Through all the months I’ve spent with the Java & C# code – I found especially one way of writing software can be extremely dangerous – would that be the darkest side of software engineering too?
And saying that I mean reflection – so powerful, so useful technique which sometimes shows itself as the only way to solve the problem…
Ok, speaking about that – why do I believe it can raise such big problems? Let’s speak about that …
- Analyzing statically typed code – nowadays all the powerful IDEs helps heavily to find the usages of code we would like to change or just to find dead code. Whenever you use reflection (or even better – hidden reflection) it can
easily provide to unwanted scenarios when you remove production code, or change the contract which was updated in all the places besides of the reflection points …
- KISS, Readability – did you use reflection? Yes, it probably means you broken few paradigms we should follow in writing clean code. Whenever someone will maintain the code, or just go through it – it will take much more time to understand it (readability) and for sure, it will be not the simplest solution you would expect to find in the code (but maybe it’s the only solution? Let’s hope so …).
- Being slow, and often hidden – it can drive to have problems with performance or memory (creating many instances, keeping somewhere active pointers) – it will probably show itself at some point but in the runtime – not that obvious when looking through the codebase (especially bigger one), even when you looked through the reflection code.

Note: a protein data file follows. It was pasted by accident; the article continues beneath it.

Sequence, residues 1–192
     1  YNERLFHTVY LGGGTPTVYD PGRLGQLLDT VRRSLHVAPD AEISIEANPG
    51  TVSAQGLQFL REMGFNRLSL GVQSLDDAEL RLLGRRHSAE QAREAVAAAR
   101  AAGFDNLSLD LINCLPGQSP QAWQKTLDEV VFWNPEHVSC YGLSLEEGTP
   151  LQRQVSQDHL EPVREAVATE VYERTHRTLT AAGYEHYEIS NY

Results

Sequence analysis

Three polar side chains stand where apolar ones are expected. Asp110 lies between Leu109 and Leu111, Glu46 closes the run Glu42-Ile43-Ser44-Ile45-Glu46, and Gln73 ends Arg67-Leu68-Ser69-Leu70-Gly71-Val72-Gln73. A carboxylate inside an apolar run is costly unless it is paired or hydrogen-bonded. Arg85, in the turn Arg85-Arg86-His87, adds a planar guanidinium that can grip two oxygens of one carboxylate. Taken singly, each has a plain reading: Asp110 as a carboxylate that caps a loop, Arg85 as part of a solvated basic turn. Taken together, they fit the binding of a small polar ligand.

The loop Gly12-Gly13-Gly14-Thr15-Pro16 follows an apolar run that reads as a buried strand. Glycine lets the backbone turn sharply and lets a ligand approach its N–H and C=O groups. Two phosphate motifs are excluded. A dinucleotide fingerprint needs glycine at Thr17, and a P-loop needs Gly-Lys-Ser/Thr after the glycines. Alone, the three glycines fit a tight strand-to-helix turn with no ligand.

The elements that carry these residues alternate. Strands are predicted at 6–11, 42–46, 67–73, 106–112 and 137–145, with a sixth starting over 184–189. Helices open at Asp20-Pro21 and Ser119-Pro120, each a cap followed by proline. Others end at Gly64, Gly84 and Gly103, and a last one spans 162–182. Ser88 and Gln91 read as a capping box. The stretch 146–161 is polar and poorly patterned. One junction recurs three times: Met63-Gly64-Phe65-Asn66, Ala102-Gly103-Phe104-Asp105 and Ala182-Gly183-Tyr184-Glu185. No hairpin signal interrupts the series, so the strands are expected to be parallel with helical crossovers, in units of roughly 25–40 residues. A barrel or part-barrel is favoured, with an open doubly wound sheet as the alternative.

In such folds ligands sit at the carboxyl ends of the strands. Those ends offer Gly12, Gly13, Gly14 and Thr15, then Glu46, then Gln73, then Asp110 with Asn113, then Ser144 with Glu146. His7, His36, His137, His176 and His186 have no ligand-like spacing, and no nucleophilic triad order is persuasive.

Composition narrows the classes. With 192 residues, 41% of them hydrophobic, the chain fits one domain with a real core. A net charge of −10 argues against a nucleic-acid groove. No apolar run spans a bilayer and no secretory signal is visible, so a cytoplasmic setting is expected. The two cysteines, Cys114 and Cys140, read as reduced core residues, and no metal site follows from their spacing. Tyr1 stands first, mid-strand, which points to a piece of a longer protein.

There would be probably more cases, but at least that can show you possible challenges coming from using it. Now, below you can see my categories of how bad can be reflection!
- Bad bad bad bad reflection – hidden reflection which has no supporting it unit tests!
- Bad bad bad reflection – reflection which maybe is not that hidden, but still has no supporting it unit tests.
- Bad bad reflection – hidden reflection (in prod code) which is transparently documented through unit test specs.
- Bad reflection – reflection fully covered by unit tests.
I understand that there are cases that languages like Java or C# do not allow you to solve the problem in other way – but foremost – remember to never write reflection, or even worse to hide it, and (the most important) always cover that particular code with good unit tests, documenting the valid use case for it, breaking if any dependent/used contract is changed or if any possible case can be broken in runtime – being always not that obvious even when you do code reviews.